“Do not love the world nor the things in the world. If anyone loves the world, the love of the Father is not in him.”
    1 John 2:15

    I think it is wise that we all remember Pauls words

    The saying is trustworthy and deserving of full acceptance that Christ Jesus came into the world to save sinners, of whom I am the foremost. – Paul, 1 Timothy 1:15

    Rick Thomas wrote this..

    Do you believe you are the foremost sinner that God ever saved? I’m serious. Do you? If you were the writer of 1 Timothy, instead of Paul, would you write the sacred text the way he wrote it? How you answer these questions will have a direct impact on how you relate to your spouse. These questions are foundational, gospel-centered questions that will shape how you view and interact in all of your relationships.

    I’m not asking if you have committed the worst sins in the world or the most sins. I’m not suggesting that your sinfulness is consequentially more horrific than another person. I’m appealing to you to not look first at what others have committed but gaze at the cross and in light of what you see, how do you perceive yourself.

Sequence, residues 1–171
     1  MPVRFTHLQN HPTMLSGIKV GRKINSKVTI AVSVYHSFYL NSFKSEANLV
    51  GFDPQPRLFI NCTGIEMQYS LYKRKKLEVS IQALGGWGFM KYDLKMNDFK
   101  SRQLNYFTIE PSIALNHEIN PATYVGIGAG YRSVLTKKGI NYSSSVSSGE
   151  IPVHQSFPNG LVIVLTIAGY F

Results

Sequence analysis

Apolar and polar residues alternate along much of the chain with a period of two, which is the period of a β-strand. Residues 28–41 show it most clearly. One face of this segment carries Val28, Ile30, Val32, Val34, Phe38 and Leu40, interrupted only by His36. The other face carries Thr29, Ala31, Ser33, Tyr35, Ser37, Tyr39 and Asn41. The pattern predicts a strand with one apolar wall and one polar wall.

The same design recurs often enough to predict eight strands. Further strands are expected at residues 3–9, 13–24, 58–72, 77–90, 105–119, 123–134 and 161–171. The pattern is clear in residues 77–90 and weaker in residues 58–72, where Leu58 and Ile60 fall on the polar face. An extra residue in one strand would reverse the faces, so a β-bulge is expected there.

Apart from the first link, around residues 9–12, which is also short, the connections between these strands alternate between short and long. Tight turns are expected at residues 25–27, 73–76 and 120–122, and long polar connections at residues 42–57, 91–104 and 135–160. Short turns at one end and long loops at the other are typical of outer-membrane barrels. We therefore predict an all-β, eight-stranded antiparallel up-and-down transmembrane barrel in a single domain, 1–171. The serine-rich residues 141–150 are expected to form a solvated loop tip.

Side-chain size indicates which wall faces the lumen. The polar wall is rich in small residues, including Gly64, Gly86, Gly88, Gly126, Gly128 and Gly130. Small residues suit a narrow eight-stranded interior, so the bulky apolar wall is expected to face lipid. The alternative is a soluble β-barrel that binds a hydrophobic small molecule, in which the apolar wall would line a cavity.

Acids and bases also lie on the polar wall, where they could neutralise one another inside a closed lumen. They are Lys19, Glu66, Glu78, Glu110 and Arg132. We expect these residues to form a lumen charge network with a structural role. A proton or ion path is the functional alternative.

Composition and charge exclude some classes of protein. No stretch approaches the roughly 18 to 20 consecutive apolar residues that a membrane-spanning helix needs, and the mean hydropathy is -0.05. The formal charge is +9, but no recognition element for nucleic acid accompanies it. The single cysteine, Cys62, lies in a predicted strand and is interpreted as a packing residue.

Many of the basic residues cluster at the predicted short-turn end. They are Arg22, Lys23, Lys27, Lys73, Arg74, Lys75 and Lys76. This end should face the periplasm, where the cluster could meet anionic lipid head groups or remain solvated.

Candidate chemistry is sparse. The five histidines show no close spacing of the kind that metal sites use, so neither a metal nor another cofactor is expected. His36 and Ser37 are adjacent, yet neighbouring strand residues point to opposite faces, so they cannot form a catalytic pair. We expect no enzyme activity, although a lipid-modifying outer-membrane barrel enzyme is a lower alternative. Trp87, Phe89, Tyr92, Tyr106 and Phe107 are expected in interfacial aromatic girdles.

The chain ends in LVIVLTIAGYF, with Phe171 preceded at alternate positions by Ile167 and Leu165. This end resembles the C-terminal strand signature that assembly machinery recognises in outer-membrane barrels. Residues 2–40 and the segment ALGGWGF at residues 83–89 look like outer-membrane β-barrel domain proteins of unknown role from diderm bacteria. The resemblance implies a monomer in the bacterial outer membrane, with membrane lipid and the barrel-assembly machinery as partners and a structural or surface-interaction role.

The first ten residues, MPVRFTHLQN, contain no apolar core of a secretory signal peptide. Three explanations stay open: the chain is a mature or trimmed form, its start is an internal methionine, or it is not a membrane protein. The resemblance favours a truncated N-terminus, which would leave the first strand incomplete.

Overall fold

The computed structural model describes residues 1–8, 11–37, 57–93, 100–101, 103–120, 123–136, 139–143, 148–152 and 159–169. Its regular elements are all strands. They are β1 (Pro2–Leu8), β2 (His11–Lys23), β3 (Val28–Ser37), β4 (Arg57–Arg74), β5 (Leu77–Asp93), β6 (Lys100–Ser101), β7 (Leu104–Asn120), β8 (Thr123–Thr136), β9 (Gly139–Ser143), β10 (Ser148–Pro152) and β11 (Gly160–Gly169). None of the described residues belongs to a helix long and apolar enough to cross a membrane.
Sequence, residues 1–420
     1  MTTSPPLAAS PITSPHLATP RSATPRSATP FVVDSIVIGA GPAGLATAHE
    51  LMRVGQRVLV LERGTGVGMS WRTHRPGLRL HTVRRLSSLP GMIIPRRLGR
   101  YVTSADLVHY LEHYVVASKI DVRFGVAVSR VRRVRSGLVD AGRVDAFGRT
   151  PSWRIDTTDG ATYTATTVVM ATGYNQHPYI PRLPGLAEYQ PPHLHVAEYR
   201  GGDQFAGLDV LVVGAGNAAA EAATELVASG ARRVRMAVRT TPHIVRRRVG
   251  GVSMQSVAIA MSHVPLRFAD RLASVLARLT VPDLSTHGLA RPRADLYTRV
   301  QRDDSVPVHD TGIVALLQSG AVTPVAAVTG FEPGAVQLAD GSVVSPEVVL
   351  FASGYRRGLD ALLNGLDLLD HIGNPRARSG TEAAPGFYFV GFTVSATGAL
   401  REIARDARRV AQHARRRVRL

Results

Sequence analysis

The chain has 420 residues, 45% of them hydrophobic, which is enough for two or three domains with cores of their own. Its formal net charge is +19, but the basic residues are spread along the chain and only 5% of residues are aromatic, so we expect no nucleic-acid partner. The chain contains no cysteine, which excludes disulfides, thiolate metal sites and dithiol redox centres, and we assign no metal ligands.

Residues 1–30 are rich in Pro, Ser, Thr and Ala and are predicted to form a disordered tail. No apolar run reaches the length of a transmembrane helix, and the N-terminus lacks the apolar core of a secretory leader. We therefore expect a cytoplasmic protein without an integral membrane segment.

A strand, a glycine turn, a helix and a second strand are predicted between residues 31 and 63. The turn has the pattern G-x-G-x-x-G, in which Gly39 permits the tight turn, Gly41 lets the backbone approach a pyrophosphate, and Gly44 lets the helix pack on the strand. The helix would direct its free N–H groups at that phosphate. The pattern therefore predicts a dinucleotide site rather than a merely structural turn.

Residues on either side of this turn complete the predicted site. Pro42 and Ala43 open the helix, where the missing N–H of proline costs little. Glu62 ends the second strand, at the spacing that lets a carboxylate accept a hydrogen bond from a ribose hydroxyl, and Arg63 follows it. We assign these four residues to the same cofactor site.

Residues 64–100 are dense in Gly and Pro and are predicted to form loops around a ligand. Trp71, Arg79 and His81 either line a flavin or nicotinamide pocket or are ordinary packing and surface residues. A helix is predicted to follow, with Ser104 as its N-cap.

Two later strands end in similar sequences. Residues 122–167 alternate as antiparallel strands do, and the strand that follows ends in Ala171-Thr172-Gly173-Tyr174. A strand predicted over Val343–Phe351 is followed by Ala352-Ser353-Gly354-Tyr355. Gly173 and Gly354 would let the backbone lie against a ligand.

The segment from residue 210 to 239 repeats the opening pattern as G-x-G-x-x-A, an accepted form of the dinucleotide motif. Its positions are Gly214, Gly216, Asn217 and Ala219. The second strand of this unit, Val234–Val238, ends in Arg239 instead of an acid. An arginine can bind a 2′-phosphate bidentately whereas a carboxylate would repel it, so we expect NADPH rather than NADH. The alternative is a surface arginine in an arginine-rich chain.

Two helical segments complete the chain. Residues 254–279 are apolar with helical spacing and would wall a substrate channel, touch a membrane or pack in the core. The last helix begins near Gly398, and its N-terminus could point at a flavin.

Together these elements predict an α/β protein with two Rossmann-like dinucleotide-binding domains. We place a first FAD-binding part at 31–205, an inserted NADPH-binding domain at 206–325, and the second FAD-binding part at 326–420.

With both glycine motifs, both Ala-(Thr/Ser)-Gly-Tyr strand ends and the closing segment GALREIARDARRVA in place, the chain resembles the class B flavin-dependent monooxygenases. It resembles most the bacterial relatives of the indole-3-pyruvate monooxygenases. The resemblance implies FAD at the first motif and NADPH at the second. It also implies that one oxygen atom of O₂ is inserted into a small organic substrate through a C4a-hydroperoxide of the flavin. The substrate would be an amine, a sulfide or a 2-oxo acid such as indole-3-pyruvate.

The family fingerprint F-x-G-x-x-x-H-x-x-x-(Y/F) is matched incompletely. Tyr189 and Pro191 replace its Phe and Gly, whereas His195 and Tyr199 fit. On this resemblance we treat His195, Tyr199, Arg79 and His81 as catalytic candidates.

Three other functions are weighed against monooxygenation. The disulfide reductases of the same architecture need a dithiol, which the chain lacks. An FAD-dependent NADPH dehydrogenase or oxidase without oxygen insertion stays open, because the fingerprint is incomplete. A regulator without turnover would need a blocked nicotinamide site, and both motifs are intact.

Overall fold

Key Idea – If you do not believe you are the foremost sinner that you know, you will have relational difficulties that will be difficult to resolve. If you embrace Paul’s perspective as your own, you are not only in good company with him, but you are in the best possible place to work through any relational difficulty. Let me share with you a few benefits of being the “biggest sinner in the room.”

    The foremost sinner sees each day as a gift from God.
    The foremost sinner is grateful.
    The foremost sinner encourages others.
    The foremost sinner is not critical.
    The foremost sinner does not uncharitably judge others.
    The foremost sinner does not gossip.
    The foremost sinner is more aware of his sin than the sins of others.
    The foremost sinner walks in humility.
    The foremost sinner experiences grace.
    The foremost sinner is not demanding.
    The foremost sinner realizes he has no rights.
    The foremost sinner is not argumentative.
    The foremost sinner is more suspicious of himself than others.
    The foremost sinner finds it easy to think the best of others.
    The foremost sinner does not envy the blessings that others receive.
    The foremost sinner esteems others more than himself.
    The foremost sinner is not surprised when he sins.
    The foremost sinner is not surprised when others sin.
    The foremost sinner assumes that he does not understand entirely.
    The foremost sinner appreciates God.

    Being the foremost sinner is not the total package as it pertains to Paul’s theology. It is only one aspect of his theology, but sadly, it is an oft-neglected part of his theological corpus. Everyone struggles with how Paul saw himself in light of the cross, especially when they turn the tables and apply his thoughts to themselves.

    So my thought..not only are we to forgive 70×7 (Whether they deserve it, mean it, ask for it, ets etc)
    We all must remember we too have sinned and our sins sent Christ to the cross..is there much worse then that?

    Love you friend and thank you for your post